The word “Pansy” Is derived from the French word “pensee” which means “thought” giving this diminutive flower a powerful personality. Found throughout the works of William Shakespeare, in Hamlet associated with Ophelia, as well as Mid Summers Night Dream, when Oberon sends Puck to gather a flower, that maidens call “love in idleness” when transformed into a tonic “will make man or woman madly dote upon the next live creature it sees,” which it does, indeed!

All About Violas: In the Garden

Violas are often spring blooming, and after flowering, seed capsules are formed that easily split open into three valves, capable of ejecting seeds a long distance away. Flowers color varies between varieties, ranging from violet, through shades of blue, yellow, white and cream.

Viola Columbine in bloom
Violas are reliable and easy to start from seed, yet since the seeds are tiny, plants are often preferred.

Many are bicolored, with markings that can resemble a small face, while others are single colored with a dark center.

While the difference between a pansy and a viola is mostly due to size, violas often produce more flowers per plant and are more heat tolerant. Plant in beds, or pots, and dig in plenty of compost to keep soil fertile and moist. Seeds can be sown in plug trays, or sprinkled directly on the prepared ground, rake into the soil, yet allow the seeds to be exposed to light in order to germinate, which should be 7- 10 days. Some gardeners prefer to sow seeds in late summer or fall, for the following years growth, to allow the young plants plenty of time to begin flowering.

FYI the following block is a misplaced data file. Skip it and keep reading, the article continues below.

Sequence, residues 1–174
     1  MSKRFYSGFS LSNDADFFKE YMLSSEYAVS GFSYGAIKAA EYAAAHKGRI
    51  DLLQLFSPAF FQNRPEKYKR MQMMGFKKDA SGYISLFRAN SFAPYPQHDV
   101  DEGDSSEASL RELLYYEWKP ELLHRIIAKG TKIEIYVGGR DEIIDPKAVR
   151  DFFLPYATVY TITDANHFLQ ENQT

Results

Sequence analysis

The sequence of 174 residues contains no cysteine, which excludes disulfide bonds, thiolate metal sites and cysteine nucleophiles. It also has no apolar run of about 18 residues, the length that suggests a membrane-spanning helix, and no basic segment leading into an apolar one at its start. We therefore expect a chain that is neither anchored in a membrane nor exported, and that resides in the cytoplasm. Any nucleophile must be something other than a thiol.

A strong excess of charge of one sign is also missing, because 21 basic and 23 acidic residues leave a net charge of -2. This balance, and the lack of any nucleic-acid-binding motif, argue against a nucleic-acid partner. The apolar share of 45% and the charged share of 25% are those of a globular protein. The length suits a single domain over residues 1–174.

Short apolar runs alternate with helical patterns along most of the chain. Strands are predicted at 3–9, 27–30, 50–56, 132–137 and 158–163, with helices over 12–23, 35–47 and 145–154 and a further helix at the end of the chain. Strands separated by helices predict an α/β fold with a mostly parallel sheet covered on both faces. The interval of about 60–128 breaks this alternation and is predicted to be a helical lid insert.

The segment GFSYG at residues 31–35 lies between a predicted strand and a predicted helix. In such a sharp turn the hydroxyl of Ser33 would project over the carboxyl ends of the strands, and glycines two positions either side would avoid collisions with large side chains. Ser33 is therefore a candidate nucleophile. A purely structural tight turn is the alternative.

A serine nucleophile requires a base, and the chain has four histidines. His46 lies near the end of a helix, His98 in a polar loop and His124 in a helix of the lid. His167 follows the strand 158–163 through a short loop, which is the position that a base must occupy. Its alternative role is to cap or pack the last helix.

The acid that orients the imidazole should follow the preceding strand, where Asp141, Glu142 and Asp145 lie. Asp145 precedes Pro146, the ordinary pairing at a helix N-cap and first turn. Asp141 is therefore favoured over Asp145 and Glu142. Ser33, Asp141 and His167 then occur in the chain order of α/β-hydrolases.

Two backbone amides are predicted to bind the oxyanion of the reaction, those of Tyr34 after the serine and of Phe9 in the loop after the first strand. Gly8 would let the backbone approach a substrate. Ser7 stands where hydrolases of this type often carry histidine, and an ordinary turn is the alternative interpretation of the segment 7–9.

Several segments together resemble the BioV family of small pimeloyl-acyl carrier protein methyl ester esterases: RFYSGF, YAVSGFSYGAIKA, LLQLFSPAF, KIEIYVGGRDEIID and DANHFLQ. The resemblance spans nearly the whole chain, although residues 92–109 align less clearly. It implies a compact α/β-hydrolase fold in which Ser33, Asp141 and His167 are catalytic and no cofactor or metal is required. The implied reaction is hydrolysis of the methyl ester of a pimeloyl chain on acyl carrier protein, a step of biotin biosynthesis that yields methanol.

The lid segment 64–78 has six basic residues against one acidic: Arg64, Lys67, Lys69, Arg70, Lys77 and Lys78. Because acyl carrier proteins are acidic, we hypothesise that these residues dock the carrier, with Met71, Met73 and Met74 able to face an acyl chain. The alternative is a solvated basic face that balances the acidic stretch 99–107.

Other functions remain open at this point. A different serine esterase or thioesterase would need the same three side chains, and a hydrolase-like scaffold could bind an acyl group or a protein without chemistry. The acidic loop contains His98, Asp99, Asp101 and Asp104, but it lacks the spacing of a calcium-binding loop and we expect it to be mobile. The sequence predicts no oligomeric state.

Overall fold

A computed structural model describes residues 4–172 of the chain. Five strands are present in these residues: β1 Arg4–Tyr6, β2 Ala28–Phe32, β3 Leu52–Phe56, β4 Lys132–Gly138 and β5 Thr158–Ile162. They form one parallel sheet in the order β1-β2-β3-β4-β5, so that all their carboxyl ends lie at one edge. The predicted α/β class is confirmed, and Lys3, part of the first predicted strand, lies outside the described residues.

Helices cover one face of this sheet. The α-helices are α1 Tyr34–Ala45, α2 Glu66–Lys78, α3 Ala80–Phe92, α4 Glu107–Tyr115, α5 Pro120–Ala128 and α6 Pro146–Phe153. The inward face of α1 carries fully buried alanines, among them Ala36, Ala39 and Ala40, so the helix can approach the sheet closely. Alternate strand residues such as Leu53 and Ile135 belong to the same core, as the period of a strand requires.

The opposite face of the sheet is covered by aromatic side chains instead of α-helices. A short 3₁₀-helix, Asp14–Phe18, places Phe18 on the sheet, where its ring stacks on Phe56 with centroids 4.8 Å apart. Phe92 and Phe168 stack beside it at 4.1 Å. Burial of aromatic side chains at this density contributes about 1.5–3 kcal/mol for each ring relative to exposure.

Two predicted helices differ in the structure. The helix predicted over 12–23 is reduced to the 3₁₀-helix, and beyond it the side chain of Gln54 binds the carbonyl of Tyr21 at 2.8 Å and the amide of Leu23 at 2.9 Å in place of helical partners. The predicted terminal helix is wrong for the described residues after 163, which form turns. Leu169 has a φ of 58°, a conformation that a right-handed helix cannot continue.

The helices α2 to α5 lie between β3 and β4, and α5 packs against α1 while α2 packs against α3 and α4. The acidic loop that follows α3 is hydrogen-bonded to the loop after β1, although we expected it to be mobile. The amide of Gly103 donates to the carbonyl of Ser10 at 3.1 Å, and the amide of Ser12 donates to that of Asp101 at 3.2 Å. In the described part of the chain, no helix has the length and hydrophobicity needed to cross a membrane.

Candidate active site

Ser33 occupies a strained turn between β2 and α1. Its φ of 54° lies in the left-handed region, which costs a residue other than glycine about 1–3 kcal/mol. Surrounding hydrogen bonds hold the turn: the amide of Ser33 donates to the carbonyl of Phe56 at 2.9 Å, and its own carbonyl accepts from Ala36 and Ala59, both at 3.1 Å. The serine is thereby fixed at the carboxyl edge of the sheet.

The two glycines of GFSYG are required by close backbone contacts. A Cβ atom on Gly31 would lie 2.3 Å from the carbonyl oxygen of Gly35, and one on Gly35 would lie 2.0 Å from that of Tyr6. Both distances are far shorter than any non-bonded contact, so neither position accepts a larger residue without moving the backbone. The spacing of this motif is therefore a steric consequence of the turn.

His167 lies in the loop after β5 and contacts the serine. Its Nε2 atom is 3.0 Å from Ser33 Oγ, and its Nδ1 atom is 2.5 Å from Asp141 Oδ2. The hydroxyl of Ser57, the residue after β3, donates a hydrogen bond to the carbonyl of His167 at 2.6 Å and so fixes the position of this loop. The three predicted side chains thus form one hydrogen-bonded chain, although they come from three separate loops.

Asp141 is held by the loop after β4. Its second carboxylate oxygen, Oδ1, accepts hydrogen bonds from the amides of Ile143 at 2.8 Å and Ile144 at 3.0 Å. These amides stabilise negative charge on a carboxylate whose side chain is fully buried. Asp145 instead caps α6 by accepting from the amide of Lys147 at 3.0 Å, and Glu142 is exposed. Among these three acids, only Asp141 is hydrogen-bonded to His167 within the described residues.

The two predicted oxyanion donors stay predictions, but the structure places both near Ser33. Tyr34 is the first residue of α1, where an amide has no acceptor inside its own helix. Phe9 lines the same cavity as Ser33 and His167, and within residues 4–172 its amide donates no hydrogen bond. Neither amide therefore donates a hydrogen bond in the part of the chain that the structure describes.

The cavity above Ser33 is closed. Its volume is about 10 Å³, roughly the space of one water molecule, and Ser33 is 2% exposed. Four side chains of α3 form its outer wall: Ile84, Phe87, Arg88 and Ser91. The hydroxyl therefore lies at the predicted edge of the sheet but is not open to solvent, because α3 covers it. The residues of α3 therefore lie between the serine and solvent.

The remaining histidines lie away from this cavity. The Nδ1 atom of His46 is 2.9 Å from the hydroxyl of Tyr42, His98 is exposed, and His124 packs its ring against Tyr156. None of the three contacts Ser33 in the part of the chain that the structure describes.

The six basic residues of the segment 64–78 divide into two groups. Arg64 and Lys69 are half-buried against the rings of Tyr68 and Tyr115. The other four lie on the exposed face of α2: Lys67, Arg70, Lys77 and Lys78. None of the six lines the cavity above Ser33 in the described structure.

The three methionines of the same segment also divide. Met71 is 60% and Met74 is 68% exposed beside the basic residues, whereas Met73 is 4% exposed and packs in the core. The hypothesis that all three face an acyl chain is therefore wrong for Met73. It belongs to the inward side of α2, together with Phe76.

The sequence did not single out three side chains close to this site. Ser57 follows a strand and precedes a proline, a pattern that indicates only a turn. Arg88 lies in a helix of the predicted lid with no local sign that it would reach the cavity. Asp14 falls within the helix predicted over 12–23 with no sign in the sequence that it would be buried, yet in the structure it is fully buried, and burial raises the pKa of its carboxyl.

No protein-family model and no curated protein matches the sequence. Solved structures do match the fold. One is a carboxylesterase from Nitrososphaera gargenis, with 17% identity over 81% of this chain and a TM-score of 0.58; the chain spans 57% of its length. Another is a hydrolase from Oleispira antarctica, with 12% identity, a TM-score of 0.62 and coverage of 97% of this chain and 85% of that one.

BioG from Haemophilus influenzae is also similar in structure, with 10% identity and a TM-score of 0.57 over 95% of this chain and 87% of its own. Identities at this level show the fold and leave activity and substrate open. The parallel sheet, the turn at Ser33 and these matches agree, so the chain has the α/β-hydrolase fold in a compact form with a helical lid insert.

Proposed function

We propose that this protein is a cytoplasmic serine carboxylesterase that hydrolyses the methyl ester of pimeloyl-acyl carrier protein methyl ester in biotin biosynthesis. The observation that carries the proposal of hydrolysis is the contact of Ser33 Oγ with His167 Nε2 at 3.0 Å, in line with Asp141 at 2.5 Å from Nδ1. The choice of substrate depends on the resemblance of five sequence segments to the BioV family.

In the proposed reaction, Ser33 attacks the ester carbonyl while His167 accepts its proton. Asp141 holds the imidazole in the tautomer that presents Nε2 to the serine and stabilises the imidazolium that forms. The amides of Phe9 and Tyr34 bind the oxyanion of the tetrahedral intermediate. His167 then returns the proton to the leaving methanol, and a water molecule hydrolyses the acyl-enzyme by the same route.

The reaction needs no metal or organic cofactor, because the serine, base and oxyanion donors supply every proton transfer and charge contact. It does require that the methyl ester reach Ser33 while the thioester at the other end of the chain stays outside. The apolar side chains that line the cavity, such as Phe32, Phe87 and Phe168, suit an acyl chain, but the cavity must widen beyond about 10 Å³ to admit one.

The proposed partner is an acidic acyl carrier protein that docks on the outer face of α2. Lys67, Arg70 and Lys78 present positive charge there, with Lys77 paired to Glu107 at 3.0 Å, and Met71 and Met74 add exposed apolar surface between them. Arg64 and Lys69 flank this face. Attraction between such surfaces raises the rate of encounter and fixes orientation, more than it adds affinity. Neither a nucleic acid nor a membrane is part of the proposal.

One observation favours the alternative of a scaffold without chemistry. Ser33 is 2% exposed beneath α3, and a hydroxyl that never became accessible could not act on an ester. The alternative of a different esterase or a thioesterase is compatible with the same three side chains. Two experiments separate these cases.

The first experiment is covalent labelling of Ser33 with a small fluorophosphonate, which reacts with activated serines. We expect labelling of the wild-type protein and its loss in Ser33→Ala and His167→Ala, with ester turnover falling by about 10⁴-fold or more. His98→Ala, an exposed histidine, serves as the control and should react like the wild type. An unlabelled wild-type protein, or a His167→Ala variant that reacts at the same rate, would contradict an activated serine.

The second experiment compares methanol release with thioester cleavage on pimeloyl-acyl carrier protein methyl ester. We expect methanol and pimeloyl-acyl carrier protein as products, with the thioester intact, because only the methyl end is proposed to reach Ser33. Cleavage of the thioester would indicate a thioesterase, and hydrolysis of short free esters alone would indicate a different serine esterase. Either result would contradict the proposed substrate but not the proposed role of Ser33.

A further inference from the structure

For continuous long-lasting bloom, and to encourage bushier growth, pinch off the flower heads or remove the flower stem at the base. Like most annuals, once seeds are formed, the flowers will slow down and eventually stop producing. At the end of the growing season, pull plants to make room for summer and fall plantings, or allow plants to die back with roots intact.

Popular varieties include Viola tricolor, a classic Johnny-jump-up with purple petals, painted with black and yellow markings; Viola sororia, a small plant with delicate white petals and purple splotches; Viola odorata or sweet violet considered the most fragrant; and Viola biflora, the yellow wood violet found along woodland paths.

Viola are at their best when grouped together with spring bulbs, such as snowdrop bulbs , species tulips, and bloom simultaneously along with aquilegia and bleeding heart in the spring. They are equally successful as a ground hugging plant in the garden as in a decorative container. Height ranges from 3 to 15 inches high, depending on the species.

About the Author: Ellen Ecker Ogden is the author of six books, including The Complete Kitchen Garden, featuring theme gardens and recipes for cooks who love to garden. She writes and lectures on kitchen garden design. www.ellenogden.com